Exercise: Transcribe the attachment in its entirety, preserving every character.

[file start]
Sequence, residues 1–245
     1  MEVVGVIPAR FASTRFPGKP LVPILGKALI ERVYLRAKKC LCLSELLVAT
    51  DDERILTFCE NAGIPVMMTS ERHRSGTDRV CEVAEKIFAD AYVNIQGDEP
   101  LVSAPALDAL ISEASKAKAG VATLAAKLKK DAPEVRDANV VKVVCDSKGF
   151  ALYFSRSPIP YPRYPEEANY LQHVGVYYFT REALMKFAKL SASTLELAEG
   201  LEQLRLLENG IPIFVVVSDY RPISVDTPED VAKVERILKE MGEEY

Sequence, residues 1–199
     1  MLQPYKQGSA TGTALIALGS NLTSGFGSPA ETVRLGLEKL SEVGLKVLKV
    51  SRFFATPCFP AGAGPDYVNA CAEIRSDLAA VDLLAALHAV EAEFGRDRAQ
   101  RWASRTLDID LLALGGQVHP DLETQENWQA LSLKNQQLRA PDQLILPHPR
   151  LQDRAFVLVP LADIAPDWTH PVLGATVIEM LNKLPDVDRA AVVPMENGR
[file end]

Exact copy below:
Sequence, residues 1–245
     1  MEVVGVIPAR FASTRFPGKP LVPILGKALI ERVYLRAKKC LCLSELLVAT
    51  DDERILTFCE NAGIPVMMTS ERHRSGTDRV CEVAEKIFAD AYVNIQGDEP
   101  LVSAPALDAL ISEASKAKAG VATLAAKLKK DAPEVRDANV VKVVCDSKGF
   151  ALYFSRSPIP YPRYPEEANY LQHVGVYYFT REALMKFAKL SASTLELAEG
   201  LEQLRLLENG IPIFVVVSDY RPISVDTPED VAKVERILKE MGEEY

Sequence, residues 1–199
     1  MLQPYKQGSA TGTALIALGS NLTSGFGSPA ETVRLGLEKL SEVGLKVLKV
    51  SRFFATPCFP AGAGPDYVNA CAEIRSDLAA VDLLAALHAV EAEFGRDRAQ
   101  RWASRTLDID LLALGGQVHP DLETQENWQA LSLKNQQLRA PDQLILPHPR
   151  LQDRAFVLVP LADIAPDWTH PVLGATVIEM LNKLPDVDRA AVVPMENGR